Idaho Author in Hot Water Ahead of Movie Adaptation Release

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Photo by: Vanity Fair

A Vanity Fair First Look shows Daisy Edgar-Jones as “Kya” and Taylor John Smith as “Tate Walker” in the movie adaptation of Where the Crawdads Sing.

By: Annabel Lawrence, Staff Reporter/Sports/Investigative

In August of 2018, Delia Owens’ (an author currently residing in Boundary County, Idaho) debut novel Where the Crawdads Sing instantly gained worldwide attention and adoration. As of April 2022, the book has been on the New York Times bestseller list for over 150 weeks, and has just recently jumped back into the #1 spot. The novel’s reinvigoration is likely a result from the impending release of the star-studded movie adaptation. Featuring some of the biggest rising stars in Hollywood and an original song “Carolina” by Taylor Swift, Where the Crawdads Sing (film) is expected to gather both book fanatics and film junkies from all over the world when it releases on July 15, 2022. 

However, the approaching release of the film only revives speculation about Owens’ murky past, particularly her involvement in a murder in Zambia in 1995. While Owens is only wanted for questioning in the case, the story unravels a dark history of violence in the face of conservation and a slew of anti-black racist sentiment

While Owens has found herself in the limelight of the book world following the success of Where the Crawdads Sing, the attention isn’t all that new. She and her former husband, Mark Owens, spent 22 years in Africa living on the land and working in wildlife conservation, and over that time, they published three different wildlife memoirs. Although the memoirs never gained the worldwide esteem that Where the Crawdads Sing reached, the Owens family still found themselves in the center of some very unwanted attention. 

Photo by: William Campbell
Delia and Mark Owens embrace as they stand in North Luangwa National Park, Zamibia, in 1990.

In 1995, the Owens family (Delia, Mark, and Mark’s son from a previous marriage, Christopher) were being filmed by an ABC film crew who were helping to produce a segment regarding their conservation work in Zambia on a program called Turning Point. Yet it was not the conservation work that ended up going viral. Instead, a blurry video aired on national television that showed an African poacher who ends up being shot down by Delia’s step son Christopher and eventually other members of the conservation group’s party. The cameraman and other sources who witnessed that fateful day in the desert, claim that Mark Owens went on to hide the body by dumping it in a lake so that no evidence could be linked to their group. However, these claims are highly contested by the Owens family and have never come to fruition. In addition, “The American Embassy warned the Owenses not to enter Zambia until the controversy was resolved,” according to Jeffrey Goldberg, author of The Hunted, an 18,000 word short story that recounts the events that took place during the Owens’ time in Africa.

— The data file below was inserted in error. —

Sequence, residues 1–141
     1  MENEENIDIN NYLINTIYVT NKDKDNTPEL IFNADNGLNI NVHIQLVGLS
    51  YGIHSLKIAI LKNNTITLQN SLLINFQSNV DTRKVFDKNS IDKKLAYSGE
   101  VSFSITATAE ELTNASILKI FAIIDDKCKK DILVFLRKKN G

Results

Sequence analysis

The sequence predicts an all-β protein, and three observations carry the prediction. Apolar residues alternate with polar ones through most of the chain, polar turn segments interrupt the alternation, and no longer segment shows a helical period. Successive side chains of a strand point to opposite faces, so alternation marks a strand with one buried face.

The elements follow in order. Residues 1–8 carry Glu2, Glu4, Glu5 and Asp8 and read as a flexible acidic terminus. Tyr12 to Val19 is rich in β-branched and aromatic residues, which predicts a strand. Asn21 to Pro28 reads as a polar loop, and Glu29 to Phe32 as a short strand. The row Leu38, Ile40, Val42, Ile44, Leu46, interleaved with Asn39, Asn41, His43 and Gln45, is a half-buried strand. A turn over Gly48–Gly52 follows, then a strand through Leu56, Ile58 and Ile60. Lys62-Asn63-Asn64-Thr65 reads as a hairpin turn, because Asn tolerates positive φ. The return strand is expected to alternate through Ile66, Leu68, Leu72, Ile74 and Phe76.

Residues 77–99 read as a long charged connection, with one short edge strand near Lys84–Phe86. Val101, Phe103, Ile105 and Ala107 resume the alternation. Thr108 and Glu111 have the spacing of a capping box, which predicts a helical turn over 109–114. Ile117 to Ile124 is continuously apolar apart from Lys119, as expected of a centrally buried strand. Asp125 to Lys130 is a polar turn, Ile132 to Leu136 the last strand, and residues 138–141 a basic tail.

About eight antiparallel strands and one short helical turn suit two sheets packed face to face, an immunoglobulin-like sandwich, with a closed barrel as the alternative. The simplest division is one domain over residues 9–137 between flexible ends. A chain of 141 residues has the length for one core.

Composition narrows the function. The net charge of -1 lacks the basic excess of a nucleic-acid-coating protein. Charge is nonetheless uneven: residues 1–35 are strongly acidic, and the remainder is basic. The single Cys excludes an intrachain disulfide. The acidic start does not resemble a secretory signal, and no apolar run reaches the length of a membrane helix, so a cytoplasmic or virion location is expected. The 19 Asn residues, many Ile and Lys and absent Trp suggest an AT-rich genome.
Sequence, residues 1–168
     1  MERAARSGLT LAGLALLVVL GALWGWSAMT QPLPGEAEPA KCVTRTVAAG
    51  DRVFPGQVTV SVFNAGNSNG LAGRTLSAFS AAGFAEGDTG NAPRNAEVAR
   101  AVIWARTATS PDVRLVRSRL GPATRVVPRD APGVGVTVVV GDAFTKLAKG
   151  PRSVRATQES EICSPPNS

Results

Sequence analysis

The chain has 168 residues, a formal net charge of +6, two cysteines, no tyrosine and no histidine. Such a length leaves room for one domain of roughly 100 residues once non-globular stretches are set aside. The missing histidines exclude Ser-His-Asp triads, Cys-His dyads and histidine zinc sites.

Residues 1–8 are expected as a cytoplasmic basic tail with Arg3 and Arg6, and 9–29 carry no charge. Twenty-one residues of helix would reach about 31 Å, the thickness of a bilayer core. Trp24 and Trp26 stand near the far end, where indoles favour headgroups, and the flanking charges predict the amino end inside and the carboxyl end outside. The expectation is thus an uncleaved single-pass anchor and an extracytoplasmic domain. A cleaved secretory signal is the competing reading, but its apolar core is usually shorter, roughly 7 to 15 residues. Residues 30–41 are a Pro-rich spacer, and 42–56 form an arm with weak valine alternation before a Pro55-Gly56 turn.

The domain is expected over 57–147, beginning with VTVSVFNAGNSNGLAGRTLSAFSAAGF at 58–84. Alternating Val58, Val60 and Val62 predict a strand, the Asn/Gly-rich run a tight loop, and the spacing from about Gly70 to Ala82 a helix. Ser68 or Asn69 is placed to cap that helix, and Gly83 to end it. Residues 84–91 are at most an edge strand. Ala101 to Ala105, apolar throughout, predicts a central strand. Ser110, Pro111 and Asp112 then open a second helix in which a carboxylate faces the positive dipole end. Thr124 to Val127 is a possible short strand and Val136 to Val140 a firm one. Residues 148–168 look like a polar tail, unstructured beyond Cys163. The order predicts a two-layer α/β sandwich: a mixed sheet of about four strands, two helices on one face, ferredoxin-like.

A painfully beautiful first novel that is at once a murder mystery, a coming-of-age narrative and a celebration of nature….Owens here surveys the desolate marshlands of the North Carolina coast through the eyes of an abandoned child. And in her isolation that child makes us open our own eyes to the secret wonders—and dangers—of her private world.””

— New York Times

So what exactly does an obscure murder in an isolated African savanna have to do with a national best seller? Some readers fear that they may be connected. The trouble is, Where the Crawdads Sing is centered around “the marsh girl”, Kya, who lives in an isolated part of the marshes of North Carolina, and suspiciously becomes involved with the murder of a popular boy in the nearest town. Sound familiar? The New York Times describes it as “A painfully beautiful first novel that is at once a murder mystery, a coming-of-age narrative and a celebration of nature….Owens here surveys the desolate marshlands of the North Carolina coast through the eyes of an abandoned child. And in her isolation that child makes us open our own eyes to the secret wonders—and dangers—of her private world.” And while Owens has denied that any details from the book were acquired from her time in Africa, many believe that there are peculiar connections between the murder that occured in Africa in 1995 and the fictional killing that occurs in the novel. Of course, we’ll let you read the book to decipher those correlations for yourself. 

 For many, this controversy with one of the most popular books in the last five years is a complete repellant from both the book and the movie. Still it’s important to note that the conservation work that the Owens did in Africa was both important and appreciated. Standing up to poachers and large institutions across the world is an admirable feat regardless, and perhaps more gratitude should be expressed to the Owens for their contributions. 

Either way, we encourage you to form your own opinions about the situation. Should celebrities like Taylor Swift be getting involved with new projects like this, even when they are afflicted with confusion? Or is it finally time to put a 25 year-old conflict to rest?